• Giving frequent written reminders to participants about their beneficiary designations
    • Resoliciting updated beneficiary designations from participants on a periodic basis
    • Adopting a rule providing for the revocation of spousal designations upon divorce
    • Adopting a rule specifying a presumption of survival in the event of the simultaneous death of a participant and beneficiary
    • Adopting a rule that voids a beneficiary designation naming a person who is convicted of the murder of the participant

    While state law may address some of these situations, ERISA preemption muddies those waters and adopting a plan rule should avoid any debate over the applicability of a state law.  Another helpful procedural provision to consider is a freeze on the distribution of a participant’s account where there is a dispute over the rightful beneficiary.

    Where a dispute among beneficiary claimants appears insoluble, filing an interpleader action in federal court may be the only definitive way to resolve the dispute without exposing the plan to the possibility of having to pay twice for the same benefit.

    Wednesday, March 15, 2017

    DesolationIn today’s virtual world, we suspect most plan sponsors rely upon the self-certification process to document and process 401(k) distributions made on account of financial hardship. The IRS has recently issued examination guidelines for its field agents for their use in determining whether a self-certification process has an adequate documentation procedure.  While these examination guidelines do not establish a rule that plan sponsors must follow, we believe most plan sponsors will want to ensure that their self-certification processes are consistent with these guidelines to minimize the potential for any dispute over the acceptability of its practices in the event of an IRS audit.

    The examination guidelines describe three required components for the self-certification process:

    (1)        the plan sponsor or TPA must provide a notice to participants containing certain required information;

    (2)        the participant must provide a certification statement containing certain general information and more specific information tailored to the nature of the particular financial hardship; and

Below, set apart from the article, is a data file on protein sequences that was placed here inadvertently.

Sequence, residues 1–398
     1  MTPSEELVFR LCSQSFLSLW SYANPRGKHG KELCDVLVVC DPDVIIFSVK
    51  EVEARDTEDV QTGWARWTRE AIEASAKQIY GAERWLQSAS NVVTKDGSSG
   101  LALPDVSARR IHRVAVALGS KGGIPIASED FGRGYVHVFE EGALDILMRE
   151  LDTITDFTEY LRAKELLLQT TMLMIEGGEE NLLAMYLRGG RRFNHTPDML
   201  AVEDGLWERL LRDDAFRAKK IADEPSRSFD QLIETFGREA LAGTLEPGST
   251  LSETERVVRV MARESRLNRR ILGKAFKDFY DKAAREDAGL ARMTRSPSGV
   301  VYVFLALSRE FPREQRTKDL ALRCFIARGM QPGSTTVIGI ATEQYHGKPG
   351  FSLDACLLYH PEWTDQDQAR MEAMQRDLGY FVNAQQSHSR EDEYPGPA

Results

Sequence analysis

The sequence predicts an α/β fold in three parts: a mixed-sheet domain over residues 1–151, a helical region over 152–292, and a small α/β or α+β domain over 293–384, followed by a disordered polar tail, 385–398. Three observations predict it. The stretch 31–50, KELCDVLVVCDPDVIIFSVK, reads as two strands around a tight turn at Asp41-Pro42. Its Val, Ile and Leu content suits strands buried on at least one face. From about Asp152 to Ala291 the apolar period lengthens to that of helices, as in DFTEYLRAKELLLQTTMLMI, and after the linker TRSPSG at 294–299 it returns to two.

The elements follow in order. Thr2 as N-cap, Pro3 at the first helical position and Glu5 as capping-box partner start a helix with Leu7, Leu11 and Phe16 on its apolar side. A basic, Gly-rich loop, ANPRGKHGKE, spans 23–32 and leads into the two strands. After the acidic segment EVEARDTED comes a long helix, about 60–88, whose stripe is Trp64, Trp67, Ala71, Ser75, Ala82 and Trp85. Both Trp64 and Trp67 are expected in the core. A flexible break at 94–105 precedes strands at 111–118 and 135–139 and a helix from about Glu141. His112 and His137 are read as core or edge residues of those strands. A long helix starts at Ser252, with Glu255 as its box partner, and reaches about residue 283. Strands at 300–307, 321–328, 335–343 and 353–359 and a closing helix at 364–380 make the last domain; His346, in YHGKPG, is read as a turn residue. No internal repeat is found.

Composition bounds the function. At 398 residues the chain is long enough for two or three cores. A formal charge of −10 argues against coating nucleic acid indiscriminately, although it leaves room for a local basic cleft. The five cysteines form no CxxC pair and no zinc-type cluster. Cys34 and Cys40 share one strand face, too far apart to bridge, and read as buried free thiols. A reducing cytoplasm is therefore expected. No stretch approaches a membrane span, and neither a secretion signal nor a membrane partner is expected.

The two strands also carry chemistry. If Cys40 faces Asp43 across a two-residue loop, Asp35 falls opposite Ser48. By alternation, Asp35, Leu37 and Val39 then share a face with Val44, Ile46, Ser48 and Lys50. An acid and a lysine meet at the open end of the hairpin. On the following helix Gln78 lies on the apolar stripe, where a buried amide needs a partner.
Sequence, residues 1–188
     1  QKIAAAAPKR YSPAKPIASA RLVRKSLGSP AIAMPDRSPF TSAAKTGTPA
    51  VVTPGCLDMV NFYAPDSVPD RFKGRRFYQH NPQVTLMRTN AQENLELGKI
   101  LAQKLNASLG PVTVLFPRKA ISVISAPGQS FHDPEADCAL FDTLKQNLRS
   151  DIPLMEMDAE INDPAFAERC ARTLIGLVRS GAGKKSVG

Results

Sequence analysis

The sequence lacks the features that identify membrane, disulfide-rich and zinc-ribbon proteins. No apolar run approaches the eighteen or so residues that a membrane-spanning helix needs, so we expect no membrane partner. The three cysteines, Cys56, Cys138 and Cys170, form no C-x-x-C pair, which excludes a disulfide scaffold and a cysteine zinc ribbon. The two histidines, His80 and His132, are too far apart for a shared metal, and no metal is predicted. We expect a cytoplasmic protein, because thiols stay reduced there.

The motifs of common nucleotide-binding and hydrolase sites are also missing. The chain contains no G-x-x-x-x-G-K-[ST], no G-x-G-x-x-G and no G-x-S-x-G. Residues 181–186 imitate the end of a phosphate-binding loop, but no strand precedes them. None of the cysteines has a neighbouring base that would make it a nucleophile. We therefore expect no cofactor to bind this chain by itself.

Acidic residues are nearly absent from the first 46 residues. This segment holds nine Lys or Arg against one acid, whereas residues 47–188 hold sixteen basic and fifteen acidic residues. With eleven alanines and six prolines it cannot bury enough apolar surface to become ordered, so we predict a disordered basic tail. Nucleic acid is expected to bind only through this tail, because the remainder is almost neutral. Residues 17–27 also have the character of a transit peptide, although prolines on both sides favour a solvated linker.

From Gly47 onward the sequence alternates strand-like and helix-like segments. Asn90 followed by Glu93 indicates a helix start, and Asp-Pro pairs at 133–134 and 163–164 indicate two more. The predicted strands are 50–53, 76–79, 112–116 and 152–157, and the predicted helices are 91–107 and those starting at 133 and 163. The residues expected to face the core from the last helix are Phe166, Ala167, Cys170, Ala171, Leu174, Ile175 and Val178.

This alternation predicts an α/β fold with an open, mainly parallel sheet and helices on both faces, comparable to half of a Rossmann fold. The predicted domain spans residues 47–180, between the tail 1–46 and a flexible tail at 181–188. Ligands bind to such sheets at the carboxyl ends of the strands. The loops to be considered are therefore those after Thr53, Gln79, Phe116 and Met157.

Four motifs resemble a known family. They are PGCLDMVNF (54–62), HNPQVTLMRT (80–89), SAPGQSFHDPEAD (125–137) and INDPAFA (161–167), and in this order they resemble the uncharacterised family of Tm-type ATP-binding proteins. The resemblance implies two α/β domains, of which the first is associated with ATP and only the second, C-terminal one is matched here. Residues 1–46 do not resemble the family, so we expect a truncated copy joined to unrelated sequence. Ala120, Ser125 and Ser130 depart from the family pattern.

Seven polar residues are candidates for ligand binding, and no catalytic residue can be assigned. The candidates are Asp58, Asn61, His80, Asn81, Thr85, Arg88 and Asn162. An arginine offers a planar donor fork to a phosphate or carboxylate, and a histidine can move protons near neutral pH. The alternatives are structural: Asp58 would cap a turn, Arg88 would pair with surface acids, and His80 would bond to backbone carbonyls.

(3)        the TPA must provide the plan sponsor with a summary report or other access to data regarding all hardship distributions made during each plan year.

    The notice provided to participants by the plan sponsor or TPA must include the following:

    (i)         a warning that the hardship distribution is taxable and additional taxes could apply;

    (ii)        a statement that the amount of the distribution cannot exceed the immediate and heavy financial need;

    (iii)       a statement that the hardship distributions cannot be made from earnings; and

    (iv)       an acknowledgement by the participant that he or she will preserve source documents and make them available upon request to the plan sponsor or plan administrator at any time.

    The participant certification statement for financial hardship distributions must contain the following information:

    (i)         the participant’s name;

    (ii)        the total cost of the hardship event;

    (iii)       the amount of the distribution requested;

    (iv)       a certification provided by the participant that the information provided is true and accurate; and

    (v)        more specific information with regard to the applicable category of financial hardship, as outlined in the examination guidelines that can be found at the following website link:  https://www.irs.gov/pub/foia/ig/spder/tege-04-0217-0008.pdf.

    In cases where any participant has received more than two financial hardship distributions in a single plan year, the guidelines advise agents to request source documents supporting those distributions if a credible explanation for the multiple distributions cannot be provided. Given the instructions being given to agents in this regard, plan sponsors may wish to consider limitations on the number of financial hardship distributions that a participant may take or to apply a more stringent process for approving requests for financial hardship distributions where more than two requests are made in any plan year.

    Plan sponsors should be aware that this IRS memorandum only addresses substantiation of “safe-harbor” distributions and that if a plan permits hardship distributions for reasons other than the “safe-harbor” reasons listed in the regulations, the IRS may take the position that self-certification regarding the nature of those hardships is not sufficient.

    The good news with these guidelines is that if a self-certification process with respect to “safe-harbor” hardship distributions adheres to these guidelines, plan sponsors should have less concern over using the self-certification process and there should be fewer, if any, disputes with IRS field agents over the need for plan sponsors to maintain or provide access to source documents.